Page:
Research Articles

How to Use Self-Talk to Improve Performance

Thursday, July 24th, 2014

How to Use Self-Talk to Improve PerformanceDo you ever talk to yourself? Although it’s not always a conscious habit, most of us practice self-talk on a daily basis, as a way of guiding, motivating or supporting ourselves.

Maybe you’re heading to the store and start running through a list of all the items you need to buy. Or perhaps you’re trying to get through a particularly challenging task at work and find yourself whispering something like “Come on, focus, you can do this.”

Suspicious Things Really Make Us ‘Smell Something Fishy’

Tuesday, July 22nd, 2014

cbs_news_nose_jobWhen we say “Fred is a warm person,” we don’t usually mean his body temperature is hotter than average. We use metaphors such as “warm”, “high”, and “clean” to describe more abstract concepts like “friendly,” “powerful,” and “morally sound.”

So we mean that Fred is friendly, not that he has a fever. But these metaphors can actually have a powerful effect on behavior and attitudes as well. Research has shown that holding a cup of warm coffee makes people more affectionate, and portraying people in physically high locations makes them seem more powerful.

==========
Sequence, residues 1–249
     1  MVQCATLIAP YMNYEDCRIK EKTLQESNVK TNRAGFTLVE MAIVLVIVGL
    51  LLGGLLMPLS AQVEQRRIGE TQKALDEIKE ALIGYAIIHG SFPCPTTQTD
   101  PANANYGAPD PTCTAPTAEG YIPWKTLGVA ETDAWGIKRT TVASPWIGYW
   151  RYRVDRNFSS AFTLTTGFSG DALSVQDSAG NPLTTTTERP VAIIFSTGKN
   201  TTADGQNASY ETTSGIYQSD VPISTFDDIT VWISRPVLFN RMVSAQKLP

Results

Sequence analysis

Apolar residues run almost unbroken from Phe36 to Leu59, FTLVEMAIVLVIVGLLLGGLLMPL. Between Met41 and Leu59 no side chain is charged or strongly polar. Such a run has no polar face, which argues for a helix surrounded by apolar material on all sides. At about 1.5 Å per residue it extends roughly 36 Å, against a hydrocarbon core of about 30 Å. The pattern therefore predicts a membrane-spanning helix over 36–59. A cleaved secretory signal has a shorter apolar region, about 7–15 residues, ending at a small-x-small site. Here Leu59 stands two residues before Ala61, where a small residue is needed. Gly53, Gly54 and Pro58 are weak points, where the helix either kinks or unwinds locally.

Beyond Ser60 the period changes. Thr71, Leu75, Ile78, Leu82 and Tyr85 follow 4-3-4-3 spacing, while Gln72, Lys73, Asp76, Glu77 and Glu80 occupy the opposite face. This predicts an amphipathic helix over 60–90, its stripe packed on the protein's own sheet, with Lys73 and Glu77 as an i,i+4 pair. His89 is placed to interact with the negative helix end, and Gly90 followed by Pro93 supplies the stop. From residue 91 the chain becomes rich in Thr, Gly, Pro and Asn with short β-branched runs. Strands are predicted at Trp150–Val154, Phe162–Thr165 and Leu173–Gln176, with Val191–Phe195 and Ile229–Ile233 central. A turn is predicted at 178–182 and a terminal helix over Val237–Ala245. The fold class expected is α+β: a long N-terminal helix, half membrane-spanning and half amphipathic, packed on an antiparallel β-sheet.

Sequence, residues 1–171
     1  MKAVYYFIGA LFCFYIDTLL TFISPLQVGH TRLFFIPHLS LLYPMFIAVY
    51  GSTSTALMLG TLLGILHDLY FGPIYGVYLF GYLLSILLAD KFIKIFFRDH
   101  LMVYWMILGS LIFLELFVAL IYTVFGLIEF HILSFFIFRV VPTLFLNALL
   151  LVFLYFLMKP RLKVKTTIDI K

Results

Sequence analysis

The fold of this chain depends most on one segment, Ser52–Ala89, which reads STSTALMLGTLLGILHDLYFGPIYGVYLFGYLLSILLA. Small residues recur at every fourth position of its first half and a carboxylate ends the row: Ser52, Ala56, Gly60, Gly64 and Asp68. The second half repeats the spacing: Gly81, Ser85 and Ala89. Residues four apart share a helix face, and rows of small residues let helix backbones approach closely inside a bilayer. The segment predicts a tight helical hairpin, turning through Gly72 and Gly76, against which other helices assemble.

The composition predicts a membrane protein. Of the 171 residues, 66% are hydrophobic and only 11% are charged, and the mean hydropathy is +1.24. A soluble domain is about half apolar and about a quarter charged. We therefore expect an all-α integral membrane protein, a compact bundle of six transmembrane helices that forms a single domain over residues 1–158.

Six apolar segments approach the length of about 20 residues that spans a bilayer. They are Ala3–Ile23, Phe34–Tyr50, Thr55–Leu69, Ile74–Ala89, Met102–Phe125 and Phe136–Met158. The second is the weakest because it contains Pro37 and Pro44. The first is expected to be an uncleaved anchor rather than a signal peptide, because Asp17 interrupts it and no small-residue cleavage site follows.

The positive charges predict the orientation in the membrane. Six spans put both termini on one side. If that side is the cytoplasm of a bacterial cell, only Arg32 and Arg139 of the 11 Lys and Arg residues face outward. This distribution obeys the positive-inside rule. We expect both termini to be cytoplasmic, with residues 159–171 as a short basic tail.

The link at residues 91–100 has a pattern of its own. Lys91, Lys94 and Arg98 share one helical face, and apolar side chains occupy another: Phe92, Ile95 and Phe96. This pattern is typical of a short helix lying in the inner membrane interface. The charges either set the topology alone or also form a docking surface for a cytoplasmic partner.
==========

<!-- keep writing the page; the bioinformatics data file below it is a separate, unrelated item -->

Now newer research is beginning to find that these metaphors are much more common than we might imagine — and that they work in both directions, from abstract emotions and concepts to concrete things, and back.

Join the Brain & Behavior Research Foundation in DC on Sept. 16

Saturday, July 19th, 2014

Join the Brain & Behavior Research Foundation in DC on Sept. 16

The Brain & Behavior Research …

The Mindfulness-Based Stress Reduction Police

Thursday, July 17th, 2014

The Mindfulness-Based Stress Reduction PoliceMindfulness-based Stress Reduction (MBSR) was first presented 36 years ago by Jon Kabat-Zinn in the Pain Clinic of the University of Massachusetts Medical Center. Since then, tens of thousands of patients have benefited from mindfulness training by taking classes that adhere to, and classes that are similar to, the MBSR program.